# One-word quantifier which expresses “always, except by chance”

I am writing a paragraph about a mathematical condition which is "always false except by chance". This chance is very very low, almost zero, meaning the case for the condition being true will, in practical terms, never happen. Yet, strictly speaking, it could.

Is there a one-word quantifier which can express this condition ("always, except by chance")?

For instance:

• "The condition is always false" is not appropriate, because always is too strong (chance still exist for condition to be true)

• "The condition is mostly false" is not appropriate, because it speaks of many cases where it holds. The case will almost never happen.

I have been looking at other quantifiers or adverbs online, but cannot come across one.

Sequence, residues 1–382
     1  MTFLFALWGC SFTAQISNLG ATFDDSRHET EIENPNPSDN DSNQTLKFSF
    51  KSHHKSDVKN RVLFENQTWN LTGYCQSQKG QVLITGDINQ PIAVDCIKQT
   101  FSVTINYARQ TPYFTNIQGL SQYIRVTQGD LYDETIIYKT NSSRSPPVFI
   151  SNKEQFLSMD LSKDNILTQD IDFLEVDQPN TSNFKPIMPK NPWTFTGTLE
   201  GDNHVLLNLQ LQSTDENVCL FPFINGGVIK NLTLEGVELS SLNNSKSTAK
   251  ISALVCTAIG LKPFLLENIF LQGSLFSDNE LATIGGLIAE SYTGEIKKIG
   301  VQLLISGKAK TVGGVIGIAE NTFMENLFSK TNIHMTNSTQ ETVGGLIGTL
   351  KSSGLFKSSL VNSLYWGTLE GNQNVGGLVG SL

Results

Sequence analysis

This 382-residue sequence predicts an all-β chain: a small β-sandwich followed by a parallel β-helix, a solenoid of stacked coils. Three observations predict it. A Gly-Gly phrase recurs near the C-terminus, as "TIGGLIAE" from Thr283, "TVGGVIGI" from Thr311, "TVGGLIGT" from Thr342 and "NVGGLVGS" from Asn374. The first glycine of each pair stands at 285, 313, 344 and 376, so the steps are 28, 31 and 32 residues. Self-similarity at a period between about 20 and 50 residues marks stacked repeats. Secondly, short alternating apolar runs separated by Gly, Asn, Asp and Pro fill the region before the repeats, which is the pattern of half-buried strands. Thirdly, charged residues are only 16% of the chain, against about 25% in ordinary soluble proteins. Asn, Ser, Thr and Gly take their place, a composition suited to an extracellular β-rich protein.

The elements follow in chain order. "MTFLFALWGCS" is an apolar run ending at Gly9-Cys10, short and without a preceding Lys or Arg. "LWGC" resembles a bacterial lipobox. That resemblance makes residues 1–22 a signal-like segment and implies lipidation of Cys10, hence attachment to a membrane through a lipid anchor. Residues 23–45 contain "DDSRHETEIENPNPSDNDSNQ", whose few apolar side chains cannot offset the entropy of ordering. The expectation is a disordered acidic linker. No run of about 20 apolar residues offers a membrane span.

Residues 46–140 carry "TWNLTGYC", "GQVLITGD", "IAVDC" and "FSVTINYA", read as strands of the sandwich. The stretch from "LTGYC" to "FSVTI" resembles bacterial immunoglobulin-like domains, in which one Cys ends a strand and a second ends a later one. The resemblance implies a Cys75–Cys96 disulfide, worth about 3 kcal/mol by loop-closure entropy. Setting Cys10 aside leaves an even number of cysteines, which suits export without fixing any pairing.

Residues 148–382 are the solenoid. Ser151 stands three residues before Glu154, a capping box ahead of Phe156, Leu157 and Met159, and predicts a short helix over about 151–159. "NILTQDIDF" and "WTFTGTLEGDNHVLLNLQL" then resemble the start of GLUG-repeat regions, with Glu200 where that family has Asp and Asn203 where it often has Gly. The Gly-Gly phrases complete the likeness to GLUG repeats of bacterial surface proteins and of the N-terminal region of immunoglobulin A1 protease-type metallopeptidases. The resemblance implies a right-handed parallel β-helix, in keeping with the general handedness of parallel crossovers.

• I can't think of a single word (which is why I'm not posting this as an answer) but the chance of the condition being false can be described as vanishingly small. This term is widely accepted, particularly in scientific and mathematical circles, and reflects the calculus concept of tending to zero which is an alternative multi-word description of the situation. – BoldBen Mar 21 '17 at 9:48
• barely, narrowly = almost not. – mahmud k pukayoor Mar 21 '17 at 10:28
• It would be helpful to have the exact sentence in which you're trying to fit this. Relatedly, can it be framed in terms of truth rather than falsity? – MDHunter Mar 21 '17 at 12:53
• I support @BoldBen's comment. In addition, I have seen this concept expressed as follows: The condition has a negligible but nonzero likelihood. – aparente001 Mar 23 '17 at 5:24

The word I have seen used for this is practically.

"The condition is practically false"

ODO:

1 Virtually; almost.

‘the risk of default was practically zero’

There is a mathematical term "almost always." The accepted definition would be something like:

Almost Always

• Always except in a finite number of cases (or over a zero measure set)

An example might be:

You can almost always divide one real number by another - dividing by zero being the exception. Your example is almost always false.